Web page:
• Rape and death threats are not protected speech. Now that a whole lot of people think it’s o.k. to send rape and murder threats, and to walk around in public with high powered rifles on their shoulders (to show that they’re trustworthy (of course)) the expression of wanting to be torturous and lethal, and demonstrations of the power to be lethal (but you can tell they’re restrained because they haven’t opened fire) is going too far. We have a right not to be threatened.

          Sending an e-mail with a rape/death threat is just as threatening as sending snail mail with a rape/death threat, especially when the recipient is a public figure who can easily be located. Like Gabby Giffords. Are we supposed to not take threats seriously? What does it say about our society when we don’t take threats seriously?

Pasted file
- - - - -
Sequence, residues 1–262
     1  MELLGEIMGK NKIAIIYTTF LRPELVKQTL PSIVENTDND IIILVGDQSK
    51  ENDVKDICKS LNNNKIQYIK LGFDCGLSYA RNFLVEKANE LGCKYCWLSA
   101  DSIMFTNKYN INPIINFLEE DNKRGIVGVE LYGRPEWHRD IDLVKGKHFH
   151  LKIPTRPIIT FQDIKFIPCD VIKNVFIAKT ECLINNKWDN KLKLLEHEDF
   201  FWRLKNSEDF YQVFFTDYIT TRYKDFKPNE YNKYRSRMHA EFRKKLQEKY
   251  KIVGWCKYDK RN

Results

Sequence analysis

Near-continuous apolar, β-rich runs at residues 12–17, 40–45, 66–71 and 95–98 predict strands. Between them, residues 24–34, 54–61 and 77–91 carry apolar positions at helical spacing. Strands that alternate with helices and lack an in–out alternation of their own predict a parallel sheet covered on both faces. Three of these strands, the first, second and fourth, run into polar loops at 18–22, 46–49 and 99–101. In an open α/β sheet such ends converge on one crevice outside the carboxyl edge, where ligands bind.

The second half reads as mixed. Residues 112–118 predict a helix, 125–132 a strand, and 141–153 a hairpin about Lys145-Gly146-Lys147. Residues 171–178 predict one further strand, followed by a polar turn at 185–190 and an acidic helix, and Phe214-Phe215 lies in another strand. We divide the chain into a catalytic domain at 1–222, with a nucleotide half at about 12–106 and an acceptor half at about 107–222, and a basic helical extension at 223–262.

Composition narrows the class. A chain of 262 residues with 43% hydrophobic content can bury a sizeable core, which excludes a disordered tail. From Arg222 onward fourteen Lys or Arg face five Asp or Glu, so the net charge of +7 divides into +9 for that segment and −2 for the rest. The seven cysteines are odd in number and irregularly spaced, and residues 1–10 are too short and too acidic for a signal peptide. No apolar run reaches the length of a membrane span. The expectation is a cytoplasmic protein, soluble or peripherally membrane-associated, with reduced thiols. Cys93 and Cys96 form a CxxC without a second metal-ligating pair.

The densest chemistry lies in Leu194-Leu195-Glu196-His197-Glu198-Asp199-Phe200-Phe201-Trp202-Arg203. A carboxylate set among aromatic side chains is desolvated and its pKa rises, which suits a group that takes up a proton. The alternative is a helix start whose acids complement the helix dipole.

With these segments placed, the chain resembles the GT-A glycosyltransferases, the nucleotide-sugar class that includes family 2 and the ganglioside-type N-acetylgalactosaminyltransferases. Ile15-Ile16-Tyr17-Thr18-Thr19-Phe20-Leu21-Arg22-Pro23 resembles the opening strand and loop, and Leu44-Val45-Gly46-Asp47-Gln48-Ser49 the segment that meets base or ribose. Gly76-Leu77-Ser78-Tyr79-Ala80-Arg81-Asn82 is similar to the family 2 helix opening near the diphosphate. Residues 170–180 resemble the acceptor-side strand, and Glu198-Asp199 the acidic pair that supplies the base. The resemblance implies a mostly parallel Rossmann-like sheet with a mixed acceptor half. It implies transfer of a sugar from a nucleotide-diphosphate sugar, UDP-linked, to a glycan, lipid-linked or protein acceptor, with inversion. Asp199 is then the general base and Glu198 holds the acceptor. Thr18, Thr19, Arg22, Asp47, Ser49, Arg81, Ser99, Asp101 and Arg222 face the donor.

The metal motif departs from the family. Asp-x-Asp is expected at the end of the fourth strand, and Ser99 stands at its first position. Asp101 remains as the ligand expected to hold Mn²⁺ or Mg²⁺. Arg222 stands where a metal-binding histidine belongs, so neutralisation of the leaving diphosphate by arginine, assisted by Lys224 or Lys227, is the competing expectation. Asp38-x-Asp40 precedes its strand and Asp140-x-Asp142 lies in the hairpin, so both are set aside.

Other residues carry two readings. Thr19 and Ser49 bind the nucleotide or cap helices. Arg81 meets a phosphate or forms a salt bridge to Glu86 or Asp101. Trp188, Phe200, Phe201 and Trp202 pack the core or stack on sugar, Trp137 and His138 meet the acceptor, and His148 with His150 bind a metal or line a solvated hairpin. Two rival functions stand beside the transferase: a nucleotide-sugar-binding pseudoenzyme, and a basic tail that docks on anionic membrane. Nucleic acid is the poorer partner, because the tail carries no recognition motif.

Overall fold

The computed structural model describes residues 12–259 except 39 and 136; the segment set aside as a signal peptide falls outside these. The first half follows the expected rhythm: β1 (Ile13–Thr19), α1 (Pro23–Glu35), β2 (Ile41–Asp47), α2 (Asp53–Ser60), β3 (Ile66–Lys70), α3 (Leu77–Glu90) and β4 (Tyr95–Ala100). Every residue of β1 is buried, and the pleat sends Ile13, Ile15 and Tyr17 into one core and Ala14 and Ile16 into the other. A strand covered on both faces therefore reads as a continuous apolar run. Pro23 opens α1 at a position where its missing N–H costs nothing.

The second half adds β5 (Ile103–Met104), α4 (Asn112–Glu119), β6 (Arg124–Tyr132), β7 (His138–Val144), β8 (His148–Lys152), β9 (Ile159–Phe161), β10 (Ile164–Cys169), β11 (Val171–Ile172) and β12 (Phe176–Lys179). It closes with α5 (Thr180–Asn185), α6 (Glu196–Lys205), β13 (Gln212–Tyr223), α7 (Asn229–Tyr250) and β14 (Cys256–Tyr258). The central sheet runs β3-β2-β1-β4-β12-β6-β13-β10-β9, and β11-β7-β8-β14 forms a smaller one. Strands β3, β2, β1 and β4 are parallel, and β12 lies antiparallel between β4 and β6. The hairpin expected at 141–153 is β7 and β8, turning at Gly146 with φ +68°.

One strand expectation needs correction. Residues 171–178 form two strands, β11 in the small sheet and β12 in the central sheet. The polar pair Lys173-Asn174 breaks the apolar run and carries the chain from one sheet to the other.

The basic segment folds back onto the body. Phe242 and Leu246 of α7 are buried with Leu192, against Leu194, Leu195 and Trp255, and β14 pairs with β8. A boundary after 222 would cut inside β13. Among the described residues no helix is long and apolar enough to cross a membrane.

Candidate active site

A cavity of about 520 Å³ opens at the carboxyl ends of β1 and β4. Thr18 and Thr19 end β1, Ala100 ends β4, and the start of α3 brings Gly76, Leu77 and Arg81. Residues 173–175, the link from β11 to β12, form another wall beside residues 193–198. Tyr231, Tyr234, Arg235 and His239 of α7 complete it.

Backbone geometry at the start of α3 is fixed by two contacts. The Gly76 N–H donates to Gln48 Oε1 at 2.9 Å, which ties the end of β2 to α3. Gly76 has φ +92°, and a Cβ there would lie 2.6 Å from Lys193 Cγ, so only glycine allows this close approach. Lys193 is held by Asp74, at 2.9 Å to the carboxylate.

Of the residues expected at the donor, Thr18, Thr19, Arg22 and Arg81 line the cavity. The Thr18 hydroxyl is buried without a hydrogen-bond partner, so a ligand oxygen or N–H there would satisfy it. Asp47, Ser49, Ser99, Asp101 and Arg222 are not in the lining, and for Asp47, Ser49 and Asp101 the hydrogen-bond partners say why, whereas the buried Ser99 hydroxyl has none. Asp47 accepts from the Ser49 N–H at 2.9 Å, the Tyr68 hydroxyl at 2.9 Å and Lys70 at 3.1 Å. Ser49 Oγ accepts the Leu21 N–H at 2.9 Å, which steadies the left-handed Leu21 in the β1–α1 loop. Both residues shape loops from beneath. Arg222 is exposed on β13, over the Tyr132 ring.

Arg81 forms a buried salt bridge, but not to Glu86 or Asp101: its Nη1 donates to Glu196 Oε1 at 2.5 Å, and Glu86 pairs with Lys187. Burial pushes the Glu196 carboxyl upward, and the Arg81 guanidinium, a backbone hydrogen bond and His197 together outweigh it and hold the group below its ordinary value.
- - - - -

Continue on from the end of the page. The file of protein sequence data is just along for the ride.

• Schneibster

            Like I said I’m wishy-washy. I don’t think there’s a point where these things shouldn’t be investigated. I think there’s a point beyond which they’re ridiculous. Some dumbass in Oregon isn’t a realistic threat if you live in Florida. But I think the dumbass in Oregon is a candidate to be blocked from buying weapons if it threatens people in Florida. See what I’m saying? That’s a civil procedure and the threatener has to spend hir money to defend hir threats, and it’s not gonna work; nobody has the right to make terroristic threats. Removal of this person’s gun privileges seems fair.

          • O.K. How would you deprive that person of the legal right to own a gun, without having charged him/her with an act of violence to begin with?

          • Schneibster

            We were talking about taking away gun privileges due to mental or emotional incompetence demonstrated on the Internet.

            This is an administrative procedure. I’m not sure why you think any criminal or civil law applies.


  • formerlywhatithink

    Reading some of those comments in the linked article has lead me to believe that if the gun fetishists were serious about keeping guns away from people with mental problems, the NRA would be leading the race to make sure they can’t buy guns because they clearly have anger management and other mental issues. But this is the NRA we’re talking about.

  • Let’s hope it’s sane people showing up.